Quanex Corporation

By: Diana J. Kleiner

Type: General Entry

Published: June 1, 1995

Updated: February 19, 2017

Quanex Corporation, headquartered in Houston, formerly known as Michigan Seamless Tube Company, produces seamless and welded specialty tubing, steel bars, and other fabricated metal products through divisions and subsidiaries serving the oil and gas, refinery and petrochemical, power-generation, fabricated-metal, machinery, and transportation industries worldwide. The company was founded and incorporated in Michigan in 1927 as the Michigan Seamless Tube Company, upon the purchase of the land and assets of the Forged Seamless Tube Company of South Lyon, Michigan. Key figures in the early management of the company were presidents William N. McMunn, a skilled administrator who had served as executive officer of the Great Lakes Naval Training Station during World War I, and William A. McHattie, a former plant manager. The company began by manufacturing refrigeration tubing from reclaimed boiler tubes, and in 1929 installed a piercing mill to make seamless tubing from solid materials. The firm, awarded government defense contracts and other long-term contracts from the refrigeration industry in the 1930s, managed to operate at a profit during the Great Depression. In 1933 it began to manufacture tubing from alloy steel, and in 1935 company sales reached $1 million. During World War II the enterprise manufactured aircraft tubing at the direction of the War Production Board, and was the only company in the nation to receive five Army-Navy E awards for its production and quality of aircraft tubing.

The company's interest in Texas dates from the 1950s, when it began to ship tubes for Texas Gulf Coast oil refineries. In 1956 the company started Gulf States Tube Corporation at Rosenberg. In 1965 Michigan Seamless Tube went public. Faced with rising prices for raw materials and seeking to integrate its holdings in this period, the company acquired Standard Tube (1965), with plants in Michigan and Ohio. It also acquired the U.S. Broach and Machine Company (1968) and, after adopting a rotary continuous casting method for making high-quality steel, began building its first steel plant, MacSteel-Michigan, in 1972. In 1977, in recognition of its expansion from regional to national markets, the company took the name Quanex Corporation and moved its headquarters to Houston. In the 1970s and 1980s Quanex continued to integrate, with the acquisition of Viking Metallurgical (1976) and LaSalle Steel Company of Indiana (1982), among other companies. In 1978 it acquired Pipe Specialities, Incorporated, of Houston, and by 1980 Quanex had built a plant at Bellville, Texas, to manufacture tubing for the oil industry. A Heat Treating Division was established in Indiana (1981), and a new steel facility in Arkansas, known as MacSteel-Arkansas, began operations in 1984. In 1979 the firm acquired Leland Tube Company of New Jersey and renamed it the Atlantic Tube Division; that same year Quanex sold the U.S. Broach and Machine Company and the Standard Tube Division. Faced with an economic downturn in the 1980s, the company reorganized its divisions, closed some facilities, and announced plans for further acquisitions. In 1989, after members of the United Steelworkers of America went out on strike, union members voted to accept a new contract. In 1990 the Progressive Steelworkers went on strike at LaSalle Steel, but later that year accepted a new contract. That same year one of the Quanex subsidiaries signed a major contract with Rolls Royce in England. Quanex continued to expand after selling its Viking Metallurgical Corporation subsidiary and its Bellville Tube Division in 1993.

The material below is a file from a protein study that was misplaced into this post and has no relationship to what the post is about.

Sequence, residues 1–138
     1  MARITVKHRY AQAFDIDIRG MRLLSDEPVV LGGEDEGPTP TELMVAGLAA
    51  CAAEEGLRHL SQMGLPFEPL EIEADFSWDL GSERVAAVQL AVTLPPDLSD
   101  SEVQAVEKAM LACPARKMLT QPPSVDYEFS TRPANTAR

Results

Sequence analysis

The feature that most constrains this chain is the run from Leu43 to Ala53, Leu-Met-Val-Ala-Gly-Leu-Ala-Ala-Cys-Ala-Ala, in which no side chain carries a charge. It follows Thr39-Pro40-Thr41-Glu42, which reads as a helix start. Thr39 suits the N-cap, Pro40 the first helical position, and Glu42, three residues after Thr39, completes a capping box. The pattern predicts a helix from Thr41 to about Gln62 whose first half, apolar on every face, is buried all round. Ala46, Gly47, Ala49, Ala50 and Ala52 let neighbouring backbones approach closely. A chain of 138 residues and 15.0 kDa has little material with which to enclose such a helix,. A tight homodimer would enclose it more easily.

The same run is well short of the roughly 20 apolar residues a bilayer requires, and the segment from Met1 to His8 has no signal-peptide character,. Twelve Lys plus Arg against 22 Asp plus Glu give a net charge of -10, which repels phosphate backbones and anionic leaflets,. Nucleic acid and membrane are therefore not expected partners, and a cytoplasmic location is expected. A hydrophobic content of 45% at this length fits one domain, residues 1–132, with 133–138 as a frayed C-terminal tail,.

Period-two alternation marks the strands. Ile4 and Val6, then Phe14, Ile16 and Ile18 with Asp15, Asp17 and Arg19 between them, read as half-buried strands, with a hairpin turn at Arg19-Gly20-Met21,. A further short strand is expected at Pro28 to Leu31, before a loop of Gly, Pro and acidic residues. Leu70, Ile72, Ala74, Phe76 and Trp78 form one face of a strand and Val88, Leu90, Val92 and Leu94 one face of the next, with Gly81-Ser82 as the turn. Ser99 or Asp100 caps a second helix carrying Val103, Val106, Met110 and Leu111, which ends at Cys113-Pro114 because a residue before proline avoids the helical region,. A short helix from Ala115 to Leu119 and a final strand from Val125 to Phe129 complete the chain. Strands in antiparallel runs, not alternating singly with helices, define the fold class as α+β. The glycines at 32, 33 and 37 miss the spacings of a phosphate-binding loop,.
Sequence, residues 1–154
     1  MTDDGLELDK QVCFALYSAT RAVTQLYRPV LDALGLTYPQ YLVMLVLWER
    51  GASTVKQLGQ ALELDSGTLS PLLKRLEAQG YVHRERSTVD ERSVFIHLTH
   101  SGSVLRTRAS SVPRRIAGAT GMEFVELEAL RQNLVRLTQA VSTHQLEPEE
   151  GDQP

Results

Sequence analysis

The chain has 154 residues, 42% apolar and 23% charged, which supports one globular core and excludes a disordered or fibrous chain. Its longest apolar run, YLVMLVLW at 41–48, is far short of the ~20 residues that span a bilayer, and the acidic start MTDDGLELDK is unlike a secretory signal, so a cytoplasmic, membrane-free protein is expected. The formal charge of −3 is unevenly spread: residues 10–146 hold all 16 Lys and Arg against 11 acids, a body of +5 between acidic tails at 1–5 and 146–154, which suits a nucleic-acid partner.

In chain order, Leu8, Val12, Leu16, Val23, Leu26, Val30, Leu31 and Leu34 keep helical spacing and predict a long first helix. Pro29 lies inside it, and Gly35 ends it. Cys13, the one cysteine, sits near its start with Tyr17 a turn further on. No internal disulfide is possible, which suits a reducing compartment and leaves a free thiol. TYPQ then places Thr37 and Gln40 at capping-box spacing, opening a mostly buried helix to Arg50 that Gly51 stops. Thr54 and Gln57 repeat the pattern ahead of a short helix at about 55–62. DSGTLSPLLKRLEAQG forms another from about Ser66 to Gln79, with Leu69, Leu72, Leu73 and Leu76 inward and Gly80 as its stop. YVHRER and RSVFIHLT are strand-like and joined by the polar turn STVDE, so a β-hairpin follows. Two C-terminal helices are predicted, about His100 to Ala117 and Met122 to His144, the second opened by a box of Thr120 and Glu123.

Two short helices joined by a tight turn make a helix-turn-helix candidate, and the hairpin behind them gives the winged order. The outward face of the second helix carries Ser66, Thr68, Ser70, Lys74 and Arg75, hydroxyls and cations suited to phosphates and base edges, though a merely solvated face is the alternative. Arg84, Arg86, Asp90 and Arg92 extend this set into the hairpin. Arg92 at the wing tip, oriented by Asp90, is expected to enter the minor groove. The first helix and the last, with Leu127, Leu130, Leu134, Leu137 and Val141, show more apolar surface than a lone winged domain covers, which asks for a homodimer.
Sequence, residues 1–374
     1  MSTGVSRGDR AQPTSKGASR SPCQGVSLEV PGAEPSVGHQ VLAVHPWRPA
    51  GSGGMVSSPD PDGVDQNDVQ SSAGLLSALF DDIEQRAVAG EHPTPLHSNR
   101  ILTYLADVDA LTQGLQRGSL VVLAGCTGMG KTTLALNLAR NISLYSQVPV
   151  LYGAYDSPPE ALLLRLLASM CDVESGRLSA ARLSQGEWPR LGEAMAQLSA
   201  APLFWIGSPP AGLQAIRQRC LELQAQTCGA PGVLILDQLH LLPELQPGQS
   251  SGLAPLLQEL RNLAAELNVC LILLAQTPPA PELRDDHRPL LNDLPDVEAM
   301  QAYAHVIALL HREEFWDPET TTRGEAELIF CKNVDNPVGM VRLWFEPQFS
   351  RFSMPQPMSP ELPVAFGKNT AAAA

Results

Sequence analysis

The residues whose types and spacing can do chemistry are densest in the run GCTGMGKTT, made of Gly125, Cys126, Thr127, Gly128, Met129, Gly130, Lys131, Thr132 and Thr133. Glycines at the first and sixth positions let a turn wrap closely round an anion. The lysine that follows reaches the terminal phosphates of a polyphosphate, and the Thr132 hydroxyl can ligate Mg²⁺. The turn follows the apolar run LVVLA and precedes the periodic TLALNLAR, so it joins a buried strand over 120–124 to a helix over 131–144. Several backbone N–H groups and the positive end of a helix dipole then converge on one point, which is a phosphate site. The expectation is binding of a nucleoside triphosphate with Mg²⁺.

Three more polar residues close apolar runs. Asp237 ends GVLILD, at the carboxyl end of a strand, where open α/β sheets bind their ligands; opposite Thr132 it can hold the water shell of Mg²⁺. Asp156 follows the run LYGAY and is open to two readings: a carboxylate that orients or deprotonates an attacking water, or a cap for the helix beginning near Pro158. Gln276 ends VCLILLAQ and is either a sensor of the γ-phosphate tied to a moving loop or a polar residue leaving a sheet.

Time Periods:
  • World War II
  • Texas Post World War II
  • Houston
  • Upper Gulf Coast
  • East Texas

The following, adapted from the Chicago Manual of Style, 15th edition, is the preferred citation for this entry.

Diana J. Kleiner, “Quanex Corporation,” Handbook of Texas Online, accessed May 21, 2022, https://www.tshaonline.org/handbook/entries/quanex-corporation.

Published by the Texas State Historical Association.

June 1, 1995
February 19, 2017

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